If you plan to start a business, you need to understand bookkeeping to build a solid accounting foundation. Bookkeeping for startups is as crucial as for any established business.
It helps understand your business’s financial aspects and see how good or bad you are doing. It also enables you to manage your money more efficiently. Knowledge of financial health helps you make critical business decisions.
Bookkeeping for startups involves few basic steps. So, let’s look at them in detail below.
Understanding Business Transactions
Numerous transactions take place in a business on a day-to-day basis. You need to have a basic understanding of the business accounts to track and record your transactions.
Cash, the amount receivable, inventory, accounts payable, loans payable, sales, purchases, expenses, payroll, and equity are basic accounts that most businesses have. Each transaction needs to be recorded in a specific category depending upon its nature.
Setting Up Business Accounts
Earlier, all the business accounts were a part of a physical book, known as the general ledger. But now, the physical book is replaced by a virtual general ledger. You can maintain a general ledger through a desktop or Cloud-based bookkeeping software or spreadsheets. Spreadsheets are the cheapest option, but it’s better to use bookkeeping software as they are easy to work with.
Unlike spreadsheets, you don’t have to craft a general ledger in the bookkeeping software. Desktop software requires a high upfront fee as you have to purchase it. If you don’t want to spend much, you can get cloud-based bookkeeping software by paying a monthly fee or you may outsource it to companies that offer bookkeeping for startups.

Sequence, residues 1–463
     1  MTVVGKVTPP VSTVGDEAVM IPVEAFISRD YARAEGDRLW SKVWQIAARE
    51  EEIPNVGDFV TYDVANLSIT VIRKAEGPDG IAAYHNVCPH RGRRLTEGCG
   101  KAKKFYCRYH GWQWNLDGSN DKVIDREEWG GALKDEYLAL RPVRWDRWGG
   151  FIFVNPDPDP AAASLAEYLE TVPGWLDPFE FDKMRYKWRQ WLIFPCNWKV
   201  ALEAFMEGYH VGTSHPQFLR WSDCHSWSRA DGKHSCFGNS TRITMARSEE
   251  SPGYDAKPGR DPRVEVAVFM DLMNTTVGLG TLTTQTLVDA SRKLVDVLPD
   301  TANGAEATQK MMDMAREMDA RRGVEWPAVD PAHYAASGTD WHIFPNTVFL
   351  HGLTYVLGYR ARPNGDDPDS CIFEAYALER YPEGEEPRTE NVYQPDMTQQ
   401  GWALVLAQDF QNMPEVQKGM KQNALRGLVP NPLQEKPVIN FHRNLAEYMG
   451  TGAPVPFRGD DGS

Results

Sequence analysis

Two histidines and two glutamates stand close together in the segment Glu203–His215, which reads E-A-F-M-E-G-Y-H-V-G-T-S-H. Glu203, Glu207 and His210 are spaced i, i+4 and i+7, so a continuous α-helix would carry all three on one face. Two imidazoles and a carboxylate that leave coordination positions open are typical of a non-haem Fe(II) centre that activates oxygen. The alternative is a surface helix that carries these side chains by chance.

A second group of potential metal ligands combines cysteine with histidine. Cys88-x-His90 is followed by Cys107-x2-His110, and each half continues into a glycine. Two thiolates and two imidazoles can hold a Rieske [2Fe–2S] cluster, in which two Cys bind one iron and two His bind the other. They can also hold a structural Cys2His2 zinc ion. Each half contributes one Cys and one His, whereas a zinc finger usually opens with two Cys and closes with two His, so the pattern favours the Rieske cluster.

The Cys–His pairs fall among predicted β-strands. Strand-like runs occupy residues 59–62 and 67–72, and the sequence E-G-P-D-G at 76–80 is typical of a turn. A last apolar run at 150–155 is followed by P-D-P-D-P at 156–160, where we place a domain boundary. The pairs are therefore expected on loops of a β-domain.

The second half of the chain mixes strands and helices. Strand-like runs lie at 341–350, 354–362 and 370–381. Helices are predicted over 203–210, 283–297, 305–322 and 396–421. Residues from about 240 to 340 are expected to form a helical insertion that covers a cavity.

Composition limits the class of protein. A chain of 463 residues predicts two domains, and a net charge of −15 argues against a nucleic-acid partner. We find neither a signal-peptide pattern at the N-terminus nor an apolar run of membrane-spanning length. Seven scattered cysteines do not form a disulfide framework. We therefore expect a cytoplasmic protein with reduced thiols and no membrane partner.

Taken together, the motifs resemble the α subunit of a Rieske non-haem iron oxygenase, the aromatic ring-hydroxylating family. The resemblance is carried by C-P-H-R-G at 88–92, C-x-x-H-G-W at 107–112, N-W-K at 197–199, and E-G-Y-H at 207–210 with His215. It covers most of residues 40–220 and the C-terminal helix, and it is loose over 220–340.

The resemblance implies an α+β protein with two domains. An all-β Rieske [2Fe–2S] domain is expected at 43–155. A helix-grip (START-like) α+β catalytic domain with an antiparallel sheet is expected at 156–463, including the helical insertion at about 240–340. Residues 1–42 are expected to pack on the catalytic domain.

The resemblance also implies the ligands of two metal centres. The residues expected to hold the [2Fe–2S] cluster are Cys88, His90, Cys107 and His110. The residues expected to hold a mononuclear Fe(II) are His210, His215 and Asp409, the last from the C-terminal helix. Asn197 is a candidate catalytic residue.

Deciding The Suitable Bookkeeping Method
Bookkeeping can either be single-entry or double-entry. In a single-entry system, you need to enter the transaction only once. So, if your customer has paid you an amount, you need to enter it in your cash receipt journal. This is a simple method for very small businesses that do not have an inventory or equipment. But in this method, you can’t track your assets and liabilities that are prone to errors.
Most businesses these days use the double-entry bookkeeping system. In this system, you have to make an equal and opposite entry for every transaction in an account. It includes two entries for every transaction; a debit (Dr) and a credit (Cr). For example, if your business borrows a capital of $5000, the liability will be debited with $5000, and assets will be credited with $5000.
Balancing The Books
To ensure that the business transactions are entered correctly, you will need to balance the books at the end of the quarter/year. You can do this by tallying the debit and credits of an account. Reconciling your bank statements is a crucial step to ensure your transactions match your bank accounts.
If the total matches, your books are balanced. But if the two sides don’t match, you’ll have to check the journal entries to find errors. After this, you’ll need to adjust the account balance and post them in the general ledger entry to close the book.
Closing The Books and Prepare Financial Statements
All temporary accounts like revenue and expense accounts should be closed at the end of the accounting cycle. Then, you will need to make financial charts. Make an income statement to analyze the expenses, costs, and revenue of the business over time.
The balance sheet should contain a summary of your assets, liability, and equity to analyze your business’s health. A cash flow statement similar to an income statement should show your business spending and earn, excluding the non-cash items.
Good bookkeeping assists you in decision-making and helps you make future predictions. You can get real-time analysis through financial reports. Therefore, you should invest in good bookkeeping software or service to organize and get an up-to-date view of your finances.